Relationship Story Throughline
A common complaint of many films is that while they are stunning visually, they somehow lack heart. Often it is hard to describe exactly what is missing, let alone come up with the necessary pieces to fill that hole in a story. This is due to the nature of what is missing, i.e. it’s not so much one thing that is missing as it is two.
When you speak of emotions or “heart,” what you are really describing is the relationship between things. You can’t really experience love or sadness without the context of that emotion as it relates to something else. Emotions exist as a result of an inequity between two separate things, whether they be objects or in our case, characters. The nature of emotion requires a relationship.
So when you see a film or read a story that seems cold, or lacking heart, what you are really missing is that heartfelt relationship between two characters.
In the Dramatica theory of story this relationship between two characters is referred to as the Relationship Story Throughline. In other story theories or screenwriting books this throughline is sometimes called the C story line or the “heartline.” Put simply, this throughline explores the emotional meaning of a story’s message. The relationship in question always revolves around the Main Character and one other Primary Character. This other character (sometimes called the Influence Character or Pivotal Character) stands in direct opposition to the Main Character’s point-of-view and represents the greatest challenge to the MC’s approach towards solving the story’s central problem. This character provides the alternative.
But while the Main Character will have their way of seeing the world and the Impact Character will have theirs, this does not fulfill the needs of the relationship throughline. As Chris Huntley wrote in this Dramatica Tip from May 2004:
Many writers confuse the relationship throughline for the characters in it. Though the characters are party to the relationship, the [Relationship Throughline] is not about the characters as individuals…it is about the relationship.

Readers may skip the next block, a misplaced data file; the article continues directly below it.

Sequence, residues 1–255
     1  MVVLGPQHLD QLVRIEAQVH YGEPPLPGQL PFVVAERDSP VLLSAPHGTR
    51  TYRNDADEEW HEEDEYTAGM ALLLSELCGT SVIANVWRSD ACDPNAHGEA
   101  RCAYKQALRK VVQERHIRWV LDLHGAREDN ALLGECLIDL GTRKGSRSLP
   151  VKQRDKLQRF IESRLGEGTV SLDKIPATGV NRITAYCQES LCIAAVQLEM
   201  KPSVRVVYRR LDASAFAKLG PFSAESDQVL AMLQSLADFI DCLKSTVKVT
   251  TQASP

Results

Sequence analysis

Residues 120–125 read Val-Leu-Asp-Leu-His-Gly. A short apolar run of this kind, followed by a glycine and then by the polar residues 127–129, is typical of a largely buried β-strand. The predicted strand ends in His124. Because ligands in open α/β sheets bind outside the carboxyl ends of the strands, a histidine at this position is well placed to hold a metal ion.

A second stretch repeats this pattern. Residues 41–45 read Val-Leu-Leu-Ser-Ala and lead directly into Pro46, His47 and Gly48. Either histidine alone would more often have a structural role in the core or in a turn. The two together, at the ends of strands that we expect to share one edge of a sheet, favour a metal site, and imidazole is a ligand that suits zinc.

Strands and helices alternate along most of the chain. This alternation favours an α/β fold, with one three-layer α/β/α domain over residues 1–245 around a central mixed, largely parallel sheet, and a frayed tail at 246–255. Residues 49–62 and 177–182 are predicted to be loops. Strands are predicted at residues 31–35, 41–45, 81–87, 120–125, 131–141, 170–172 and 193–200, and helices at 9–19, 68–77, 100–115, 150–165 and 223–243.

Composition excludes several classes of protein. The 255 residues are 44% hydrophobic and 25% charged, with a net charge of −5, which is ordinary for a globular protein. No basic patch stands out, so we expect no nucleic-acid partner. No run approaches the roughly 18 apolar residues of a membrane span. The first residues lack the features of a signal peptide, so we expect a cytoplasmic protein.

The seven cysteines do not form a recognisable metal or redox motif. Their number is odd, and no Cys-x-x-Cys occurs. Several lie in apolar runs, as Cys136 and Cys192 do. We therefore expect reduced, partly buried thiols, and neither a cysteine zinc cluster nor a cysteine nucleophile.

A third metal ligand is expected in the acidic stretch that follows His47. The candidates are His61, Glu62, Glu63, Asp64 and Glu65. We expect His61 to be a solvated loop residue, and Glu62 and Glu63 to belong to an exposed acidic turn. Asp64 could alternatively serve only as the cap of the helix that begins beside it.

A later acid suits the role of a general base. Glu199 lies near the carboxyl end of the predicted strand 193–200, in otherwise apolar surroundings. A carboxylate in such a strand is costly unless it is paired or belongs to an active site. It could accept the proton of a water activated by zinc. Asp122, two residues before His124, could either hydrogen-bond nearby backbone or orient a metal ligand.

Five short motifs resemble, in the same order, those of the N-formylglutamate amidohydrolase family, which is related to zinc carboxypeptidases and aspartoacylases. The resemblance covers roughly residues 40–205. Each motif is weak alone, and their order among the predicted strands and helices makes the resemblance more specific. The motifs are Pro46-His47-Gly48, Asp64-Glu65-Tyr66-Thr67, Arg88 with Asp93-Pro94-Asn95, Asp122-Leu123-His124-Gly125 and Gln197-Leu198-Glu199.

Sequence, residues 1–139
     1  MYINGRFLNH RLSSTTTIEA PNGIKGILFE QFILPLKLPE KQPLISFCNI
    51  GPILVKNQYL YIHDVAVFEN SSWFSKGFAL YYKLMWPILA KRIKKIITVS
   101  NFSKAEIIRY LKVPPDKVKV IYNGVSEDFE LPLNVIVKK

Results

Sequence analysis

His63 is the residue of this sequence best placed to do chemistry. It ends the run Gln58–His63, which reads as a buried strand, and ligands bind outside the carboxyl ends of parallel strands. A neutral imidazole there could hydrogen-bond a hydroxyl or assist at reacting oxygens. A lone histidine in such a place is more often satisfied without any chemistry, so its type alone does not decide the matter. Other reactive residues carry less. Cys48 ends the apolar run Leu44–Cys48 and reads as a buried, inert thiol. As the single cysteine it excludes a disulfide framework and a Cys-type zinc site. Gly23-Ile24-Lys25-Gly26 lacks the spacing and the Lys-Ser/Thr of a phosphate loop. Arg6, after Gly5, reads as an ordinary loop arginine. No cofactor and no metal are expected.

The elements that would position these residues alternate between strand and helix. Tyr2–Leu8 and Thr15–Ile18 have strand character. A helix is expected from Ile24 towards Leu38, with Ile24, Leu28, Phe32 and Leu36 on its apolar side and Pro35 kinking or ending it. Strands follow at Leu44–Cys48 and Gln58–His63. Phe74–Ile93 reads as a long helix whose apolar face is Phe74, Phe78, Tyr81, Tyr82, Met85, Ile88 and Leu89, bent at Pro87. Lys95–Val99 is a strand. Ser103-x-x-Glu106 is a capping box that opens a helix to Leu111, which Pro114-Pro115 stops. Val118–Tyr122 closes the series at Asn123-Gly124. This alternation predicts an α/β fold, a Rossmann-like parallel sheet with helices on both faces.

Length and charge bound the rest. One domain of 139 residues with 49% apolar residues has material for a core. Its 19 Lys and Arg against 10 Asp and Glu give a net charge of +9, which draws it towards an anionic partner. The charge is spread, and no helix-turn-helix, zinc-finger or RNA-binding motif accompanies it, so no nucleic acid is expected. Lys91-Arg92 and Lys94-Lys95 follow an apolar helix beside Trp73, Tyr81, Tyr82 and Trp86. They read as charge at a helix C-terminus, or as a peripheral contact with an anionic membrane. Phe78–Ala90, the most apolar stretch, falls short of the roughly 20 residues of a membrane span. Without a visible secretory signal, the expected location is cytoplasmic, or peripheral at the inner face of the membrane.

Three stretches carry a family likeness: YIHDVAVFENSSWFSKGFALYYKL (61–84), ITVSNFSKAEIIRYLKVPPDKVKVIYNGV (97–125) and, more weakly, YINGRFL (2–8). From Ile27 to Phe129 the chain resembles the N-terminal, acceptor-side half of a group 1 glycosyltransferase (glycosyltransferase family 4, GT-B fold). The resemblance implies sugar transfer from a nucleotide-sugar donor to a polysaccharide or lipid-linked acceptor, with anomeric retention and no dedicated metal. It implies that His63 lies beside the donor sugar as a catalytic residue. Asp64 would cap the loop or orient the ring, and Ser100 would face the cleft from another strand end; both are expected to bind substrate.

So while you may have your own personal problems or issues, and your significant other might have his or her own issues, the two of you also have a relationship that carries with it its own separate set of issues. Now these relationship issues might spill over into the personal and may possibly even be informed by them, but it is important to clearly identify them as separate, especially when writing a story. You need to explore what is wrong with this relationship; why it’s growing or why it’s falling apart and how that impacts the two parties in question.
By doing so you will have supplied your audience with an emotional argument, or message, that will coincide with the more plot-oriented logistical argument of the “headline” or A story.
But most importantly, you will have given them something to feel.
As mentioned in a previous article Charlie and the Corpse Bride, Tim Burton’s films—while always visually amazing—always seem to be missing something to me in the final analysis. Until my understanding of the above concept, I always chalked it up to his films simply being “dark” or “quirky.”
But upon further analysis it’s easy to see that what is often missing is the Relationship Throughline. Case-in-point: The Nightmare Before Christmas.
Now, I really like this film and I make sure to watch it every Halloween season. It’s apparent that many others do as well, especially when you consider that 15 years later it still runs in limited engagement every October at the El Capitan Theatre in Hollywood, CA. It is a technical marvel. But even that simple description accurately reveals what many feel is missing from this work—namely, heart.
Every time Jack and Sally (Main Character and Influence Character respectively) are just about to get together and have some meaningful contact, somebody or something interrupts them. One time would be understandable, maybe even two, but these undead lovers don’t connect emotionally until the final scene! Jack doesn’t even really verify her existence until the very end. It’s a very frustrating to watch.
Some would argue, “Yes, but what about all those other great romantic films where the two characters don’t finally get together until the very end? It’s a very common device.” It might be, but I’m guessing that in those successful films there is a reasonable amount of emotional development throughout. Although they might not meet each other physically until the end, their relationship grows, ebbing and flowing until that final heartfelt scene. A relationship can’t just “pop” into existence, it needs to develop into fruition.
Nightmare lacks this development and therefore suffers from a lack of heart.
What follows is a montage of every interaction between Jack and Sally—I left nothing out. Note how often these two get interrupted, but more importantly pay attention to how you feel at the end of this clip. If you’re anything like me, you’ll be left cold and frustrated at what should’ve been a more deeply explored and heartfelt relationship throughline.